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ERIC Number: ED559803
Record Type: Non-Journal
Publication Date: 2013
Pages: 245
Abstractor: As Provided
Reference Count: N/A
ISBN: 978-1-3033-4322-3
Use of Technology in the Classroom as Perceived by Public School Teachers in Milwaukee during Early 21st Century
Skinner, Sharon F.
ProQuest LLC, Ph.D. Dissertation, Cardinal Stritch University
This project utilized descriptive methodology to examine the research question, how is technology being used in the classroom, as perceived by public school teachers in Milwaukee during early 21st century? In order to fully analyze this question, both quantitative and qualitative data were utilized. The researcher developed a survey for the quantitative method of data collection. Three qualitative methods of data collection were used: focus groups, interviews, and, observation. Pulling together data from multiple sources produced a richness of data that supported the research question. This project examined the role of technology in twenty-first century education as defined by the Partnership for 21st Century Skills. It examined how twenty-first century technology is preparing students for the future and how the technology may be integrated in K-12 schools globally and nationally. It also examined research findings on constructivism and instructional design and their approach on technology integration. The No Child Left Behind Act (2001) and its relationship to the strategic plans of Milwaukee Public Schools and the Milwaukee Public Schools' Department of Technology laid the foundation for the theory behind the study. The perceptions of Milwaukee Public Schools teachers, as well as the teacher's perceptions on the use of technology in the classroom by their students, served as the focus behind the questions of the integration of technology, student engagement, the importance of technology, and the need for professional development in this area. Analysis of the data indicated that teachers rated technology as important for them and their students and that teachers and students were using a variety of technology in the classroom but the integration was limited, or at lower levels. Teachers indicated that students do become engaged by interacting with one another, or by showing and doing. However, the engagement was also limited according to Bloom's taxonomy; therefore, work needs to be done in MPS for this area. Data in the study indicated that teachers were lacking in professional development in the area of technology, hence, the integration of technology in the classroom was lacking. Teachers would benefit from more professional development regarding technology. [The dissertation citations contained here are published with the permission of ProQuest LLC. Further reproduction is prohibited without permission. Copies of dissertations may be obtained by Telephone (800) 1-800-521-0600. Web page:]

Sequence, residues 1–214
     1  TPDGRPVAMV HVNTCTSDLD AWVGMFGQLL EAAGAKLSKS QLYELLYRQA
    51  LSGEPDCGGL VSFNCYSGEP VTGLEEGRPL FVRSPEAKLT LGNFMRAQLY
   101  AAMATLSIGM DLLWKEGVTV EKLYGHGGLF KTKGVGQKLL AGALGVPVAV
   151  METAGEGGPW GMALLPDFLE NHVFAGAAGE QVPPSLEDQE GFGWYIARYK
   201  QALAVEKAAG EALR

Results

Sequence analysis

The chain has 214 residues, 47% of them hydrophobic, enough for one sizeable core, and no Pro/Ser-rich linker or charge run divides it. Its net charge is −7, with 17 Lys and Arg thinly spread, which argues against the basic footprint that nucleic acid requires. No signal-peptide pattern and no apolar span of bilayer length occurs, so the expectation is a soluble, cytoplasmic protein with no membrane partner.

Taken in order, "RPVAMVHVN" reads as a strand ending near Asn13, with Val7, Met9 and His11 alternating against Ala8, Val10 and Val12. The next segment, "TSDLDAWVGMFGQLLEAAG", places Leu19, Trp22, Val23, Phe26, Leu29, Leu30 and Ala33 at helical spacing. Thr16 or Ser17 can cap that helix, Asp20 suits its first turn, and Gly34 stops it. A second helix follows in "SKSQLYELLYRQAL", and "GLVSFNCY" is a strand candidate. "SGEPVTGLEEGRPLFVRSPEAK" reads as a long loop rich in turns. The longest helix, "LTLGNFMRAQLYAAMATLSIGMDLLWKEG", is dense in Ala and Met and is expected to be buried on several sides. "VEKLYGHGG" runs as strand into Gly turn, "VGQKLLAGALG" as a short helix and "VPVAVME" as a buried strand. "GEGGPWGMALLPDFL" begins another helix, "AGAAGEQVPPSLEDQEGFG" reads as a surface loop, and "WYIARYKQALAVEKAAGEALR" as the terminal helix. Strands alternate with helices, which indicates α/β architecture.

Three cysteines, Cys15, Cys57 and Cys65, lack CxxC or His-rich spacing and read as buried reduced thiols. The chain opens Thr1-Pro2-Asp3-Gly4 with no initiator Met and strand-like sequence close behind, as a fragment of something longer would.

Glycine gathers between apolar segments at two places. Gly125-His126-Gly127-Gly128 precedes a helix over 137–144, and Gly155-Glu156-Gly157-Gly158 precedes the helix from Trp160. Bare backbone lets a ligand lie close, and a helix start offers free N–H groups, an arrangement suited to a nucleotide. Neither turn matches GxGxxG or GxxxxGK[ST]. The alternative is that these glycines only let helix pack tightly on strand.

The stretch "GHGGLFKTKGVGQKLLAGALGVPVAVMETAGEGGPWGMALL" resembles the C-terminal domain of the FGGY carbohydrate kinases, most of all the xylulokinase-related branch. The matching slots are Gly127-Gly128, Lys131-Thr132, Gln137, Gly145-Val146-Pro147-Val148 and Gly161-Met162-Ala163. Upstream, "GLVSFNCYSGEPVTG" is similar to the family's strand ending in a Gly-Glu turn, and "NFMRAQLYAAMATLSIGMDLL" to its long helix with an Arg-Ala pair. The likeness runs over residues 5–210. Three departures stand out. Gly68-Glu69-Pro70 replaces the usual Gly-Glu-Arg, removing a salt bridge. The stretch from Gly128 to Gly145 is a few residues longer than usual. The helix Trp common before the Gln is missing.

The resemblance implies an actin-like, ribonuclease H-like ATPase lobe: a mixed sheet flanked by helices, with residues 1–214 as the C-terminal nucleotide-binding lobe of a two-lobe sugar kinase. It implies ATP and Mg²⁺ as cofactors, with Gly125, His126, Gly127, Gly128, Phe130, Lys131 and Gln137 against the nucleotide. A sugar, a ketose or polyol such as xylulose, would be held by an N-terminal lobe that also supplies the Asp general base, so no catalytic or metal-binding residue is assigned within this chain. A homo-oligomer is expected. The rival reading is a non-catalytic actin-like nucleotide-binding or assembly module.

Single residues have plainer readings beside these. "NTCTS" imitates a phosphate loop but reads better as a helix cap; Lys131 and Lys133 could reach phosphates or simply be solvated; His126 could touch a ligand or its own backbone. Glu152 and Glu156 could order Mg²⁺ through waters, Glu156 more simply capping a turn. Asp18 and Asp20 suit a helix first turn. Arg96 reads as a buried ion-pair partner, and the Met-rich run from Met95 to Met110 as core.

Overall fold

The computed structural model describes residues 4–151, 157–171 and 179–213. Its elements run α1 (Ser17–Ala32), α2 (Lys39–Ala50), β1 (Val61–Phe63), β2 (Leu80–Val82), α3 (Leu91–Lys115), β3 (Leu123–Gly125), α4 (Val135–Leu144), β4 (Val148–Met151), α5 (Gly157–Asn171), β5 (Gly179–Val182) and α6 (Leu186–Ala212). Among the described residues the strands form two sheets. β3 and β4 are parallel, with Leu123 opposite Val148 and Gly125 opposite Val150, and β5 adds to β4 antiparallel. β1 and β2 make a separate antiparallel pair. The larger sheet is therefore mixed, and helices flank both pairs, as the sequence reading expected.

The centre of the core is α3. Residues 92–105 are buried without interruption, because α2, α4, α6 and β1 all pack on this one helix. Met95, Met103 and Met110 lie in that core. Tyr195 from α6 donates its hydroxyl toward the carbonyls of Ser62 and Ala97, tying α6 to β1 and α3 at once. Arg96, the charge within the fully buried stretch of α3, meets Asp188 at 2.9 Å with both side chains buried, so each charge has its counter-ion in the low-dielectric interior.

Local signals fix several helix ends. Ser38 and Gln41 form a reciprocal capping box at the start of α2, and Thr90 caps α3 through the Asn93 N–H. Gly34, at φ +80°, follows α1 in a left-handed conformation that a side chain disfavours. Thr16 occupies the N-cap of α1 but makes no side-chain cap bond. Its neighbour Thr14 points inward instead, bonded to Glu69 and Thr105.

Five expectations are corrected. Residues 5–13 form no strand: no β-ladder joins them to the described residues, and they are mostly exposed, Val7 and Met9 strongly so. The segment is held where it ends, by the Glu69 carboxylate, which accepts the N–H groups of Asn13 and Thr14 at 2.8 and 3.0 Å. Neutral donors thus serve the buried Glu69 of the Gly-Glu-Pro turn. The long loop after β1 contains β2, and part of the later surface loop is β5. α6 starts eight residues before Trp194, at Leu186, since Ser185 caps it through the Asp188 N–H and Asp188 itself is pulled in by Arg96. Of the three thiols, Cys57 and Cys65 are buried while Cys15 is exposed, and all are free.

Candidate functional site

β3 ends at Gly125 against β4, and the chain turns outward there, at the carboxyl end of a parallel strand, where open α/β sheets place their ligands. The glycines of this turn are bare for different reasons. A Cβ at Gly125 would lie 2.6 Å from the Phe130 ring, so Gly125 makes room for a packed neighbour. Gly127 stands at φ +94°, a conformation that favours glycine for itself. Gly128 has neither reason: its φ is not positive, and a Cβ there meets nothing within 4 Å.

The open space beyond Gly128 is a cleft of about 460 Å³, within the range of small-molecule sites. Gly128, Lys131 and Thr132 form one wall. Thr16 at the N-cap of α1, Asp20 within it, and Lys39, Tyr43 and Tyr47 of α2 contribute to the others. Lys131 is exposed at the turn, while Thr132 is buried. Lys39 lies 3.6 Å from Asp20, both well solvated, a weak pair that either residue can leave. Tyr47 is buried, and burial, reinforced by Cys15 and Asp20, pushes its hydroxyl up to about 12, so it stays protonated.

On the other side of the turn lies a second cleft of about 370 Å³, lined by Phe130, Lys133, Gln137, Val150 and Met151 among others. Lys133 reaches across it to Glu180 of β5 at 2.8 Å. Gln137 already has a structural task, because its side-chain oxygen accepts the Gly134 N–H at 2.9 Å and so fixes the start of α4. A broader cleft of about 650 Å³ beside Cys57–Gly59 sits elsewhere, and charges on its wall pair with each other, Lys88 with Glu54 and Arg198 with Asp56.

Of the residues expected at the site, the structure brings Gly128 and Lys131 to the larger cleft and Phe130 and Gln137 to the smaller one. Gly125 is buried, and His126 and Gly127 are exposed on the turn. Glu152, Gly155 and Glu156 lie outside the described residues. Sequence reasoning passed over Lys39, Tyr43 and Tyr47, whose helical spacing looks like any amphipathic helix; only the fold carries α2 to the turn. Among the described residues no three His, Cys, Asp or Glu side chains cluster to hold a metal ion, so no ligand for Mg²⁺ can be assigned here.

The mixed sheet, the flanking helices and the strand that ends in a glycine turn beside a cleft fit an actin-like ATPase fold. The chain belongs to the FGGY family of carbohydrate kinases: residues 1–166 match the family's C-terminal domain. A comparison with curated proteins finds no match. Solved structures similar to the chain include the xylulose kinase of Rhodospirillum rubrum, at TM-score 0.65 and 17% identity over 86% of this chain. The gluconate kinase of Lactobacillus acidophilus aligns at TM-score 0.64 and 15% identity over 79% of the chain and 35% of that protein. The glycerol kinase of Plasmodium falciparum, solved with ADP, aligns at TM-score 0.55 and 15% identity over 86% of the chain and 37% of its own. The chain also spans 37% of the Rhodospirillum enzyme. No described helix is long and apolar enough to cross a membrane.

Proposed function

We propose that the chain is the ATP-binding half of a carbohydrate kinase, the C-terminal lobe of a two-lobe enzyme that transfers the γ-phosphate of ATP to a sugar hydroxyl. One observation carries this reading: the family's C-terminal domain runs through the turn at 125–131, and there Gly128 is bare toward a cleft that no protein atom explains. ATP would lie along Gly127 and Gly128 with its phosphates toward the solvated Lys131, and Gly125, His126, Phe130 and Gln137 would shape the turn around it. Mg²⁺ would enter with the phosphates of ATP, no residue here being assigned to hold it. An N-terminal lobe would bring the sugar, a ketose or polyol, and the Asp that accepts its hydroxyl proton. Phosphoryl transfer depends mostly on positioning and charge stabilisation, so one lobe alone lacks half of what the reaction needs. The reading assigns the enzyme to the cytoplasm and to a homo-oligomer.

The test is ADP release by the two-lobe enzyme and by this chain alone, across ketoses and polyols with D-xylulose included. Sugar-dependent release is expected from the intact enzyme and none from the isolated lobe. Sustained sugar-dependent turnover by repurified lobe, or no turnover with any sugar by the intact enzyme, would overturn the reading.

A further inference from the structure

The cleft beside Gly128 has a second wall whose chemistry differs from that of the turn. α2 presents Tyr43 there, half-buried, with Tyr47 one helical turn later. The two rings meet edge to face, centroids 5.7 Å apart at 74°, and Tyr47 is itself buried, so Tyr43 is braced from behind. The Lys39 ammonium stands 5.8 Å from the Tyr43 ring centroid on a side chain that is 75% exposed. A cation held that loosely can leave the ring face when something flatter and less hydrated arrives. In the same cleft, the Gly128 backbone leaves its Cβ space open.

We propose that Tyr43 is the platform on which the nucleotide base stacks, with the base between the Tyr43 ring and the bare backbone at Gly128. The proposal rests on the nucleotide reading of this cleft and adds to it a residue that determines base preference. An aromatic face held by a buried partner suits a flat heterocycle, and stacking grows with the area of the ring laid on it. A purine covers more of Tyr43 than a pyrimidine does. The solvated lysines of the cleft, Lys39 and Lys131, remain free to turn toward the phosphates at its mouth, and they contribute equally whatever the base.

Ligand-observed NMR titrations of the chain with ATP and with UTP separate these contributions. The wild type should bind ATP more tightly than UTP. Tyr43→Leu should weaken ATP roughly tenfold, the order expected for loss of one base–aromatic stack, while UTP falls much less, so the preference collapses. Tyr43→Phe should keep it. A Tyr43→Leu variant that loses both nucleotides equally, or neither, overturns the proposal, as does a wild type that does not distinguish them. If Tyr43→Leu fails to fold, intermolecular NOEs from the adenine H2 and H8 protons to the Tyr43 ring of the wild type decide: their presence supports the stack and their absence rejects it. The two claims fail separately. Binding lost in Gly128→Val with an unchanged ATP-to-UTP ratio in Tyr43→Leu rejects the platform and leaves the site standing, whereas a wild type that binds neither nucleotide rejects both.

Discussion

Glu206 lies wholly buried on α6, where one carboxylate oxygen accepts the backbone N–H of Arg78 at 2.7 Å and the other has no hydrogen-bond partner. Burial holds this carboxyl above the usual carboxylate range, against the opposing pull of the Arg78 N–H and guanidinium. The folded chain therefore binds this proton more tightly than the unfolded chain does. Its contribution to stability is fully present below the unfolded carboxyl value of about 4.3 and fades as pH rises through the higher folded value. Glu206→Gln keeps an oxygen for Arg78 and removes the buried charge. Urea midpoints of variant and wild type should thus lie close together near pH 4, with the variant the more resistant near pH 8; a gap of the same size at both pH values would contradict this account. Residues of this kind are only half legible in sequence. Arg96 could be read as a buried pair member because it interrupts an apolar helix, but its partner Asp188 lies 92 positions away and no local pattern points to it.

ProQuest LLC. 789 East Eisenhower Parkway, P.O. Box 1346, Ann Arbor, MI 48106. Tel: 800-521-0600; Web site:
Publication Type: Dissertations/Theses - Doctoral Dissertations
Education Level: Elementary Secondary Education
Audience: N/A
Language: English
Sponsor: N/A
Authoring Institution: N/A
Identifiers - Location: Wisconsin
Identifiers - Laws, Policies, & Programs: No Child Left Behind Act 2001